Thursday, June 3, 2010

The ZigZag Café

We will be convening here at the ZigZag café, Suisse, on Thursdays for conversation and dialogue. I invite you to stop by every Thursday for the question of the day. Your thoughts and participation are most welcome. Pull up a stool, avec un café, un thé, ou un chocolat chaud, et un croissant, and join in here on Thursday at the ZZ café.

For today:

How should we come to our conclusions about what is fake?


Living Spiritual Rhythms For Today


reneamac said...

No bites on this one, huh? I do think it's harder now than ever to discern what's true. The amount of information alone makes it more difficult, never mind the lack of journalistic integrity. It's overwhelming.

Greg said...

Thanks. I agree. So many call things or this or that person "fake", but I'm never quite sure what they mean by the term.

reneamac said...

Oh, I see. I think people mean inauthentic, but you're right; I generally feel as though the use of the term fake or inauthentic is subjective and arbitrary, and highly presumptuous. For example, many in my generation consider the worship through song of the older generations inauthentic because they don't express themselves as freely (emotionally) as younger people (this is in the white community of course). Based on this the younger generation then writes off the entire faith of the older persons off. Says a lot about what we value. I dare anyone to consider the prayer life of a seasoned believer and call his or her faith inauthentic.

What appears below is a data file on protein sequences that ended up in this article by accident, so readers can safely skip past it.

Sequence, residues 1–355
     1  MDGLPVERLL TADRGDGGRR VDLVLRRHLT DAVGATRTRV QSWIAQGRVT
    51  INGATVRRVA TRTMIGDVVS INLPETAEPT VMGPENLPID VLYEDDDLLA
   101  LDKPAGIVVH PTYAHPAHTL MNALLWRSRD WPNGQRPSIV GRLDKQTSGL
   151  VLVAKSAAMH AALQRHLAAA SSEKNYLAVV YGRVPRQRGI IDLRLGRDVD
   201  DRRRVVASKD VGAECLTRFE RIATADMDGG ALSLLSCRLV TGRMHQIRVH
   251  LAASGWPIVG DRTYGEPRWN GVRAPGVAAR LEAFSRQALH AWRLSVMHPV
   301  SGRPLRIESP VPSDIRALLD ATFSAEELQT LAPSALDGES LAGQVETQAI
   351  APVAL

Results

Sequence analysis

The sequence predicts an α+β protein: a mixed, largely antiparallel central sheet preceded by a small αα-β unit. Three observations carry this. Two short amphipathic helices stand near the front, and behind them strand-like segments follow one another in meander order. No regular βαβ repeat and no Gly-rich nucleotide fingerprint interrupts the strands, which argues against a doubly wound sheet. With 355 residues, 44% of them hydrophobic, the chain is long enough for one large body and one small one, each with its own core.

So it seems to me that at least one definition of fake is unemotional(ly expressive). Which makes the definition of real rather feelings oriented.

People also use the word fake when they feel as though others 'never' talk about difficult things. And while this can be true, it is most often unfair and narrow, deriving from a lopsided definition of fake and real.

Good question, Greg. I'd like to see it pop up again to see what others say.

Greg said...

That would be another question: what is authentic?

Excellent example and assessment of the way "fake" is being used nowadays. Ambiguous. The criteria is very subjective or not even considered. So many people label others as "fake" w/o any concern that this label may fit the labeler as well.

My suggestion would be something like this: the better way of concluding what is "fake" has to be connected to valid criteria for what is real. And feelings or subjectivity are only part of this criteria. Scripture, others, and the world also have to come into play.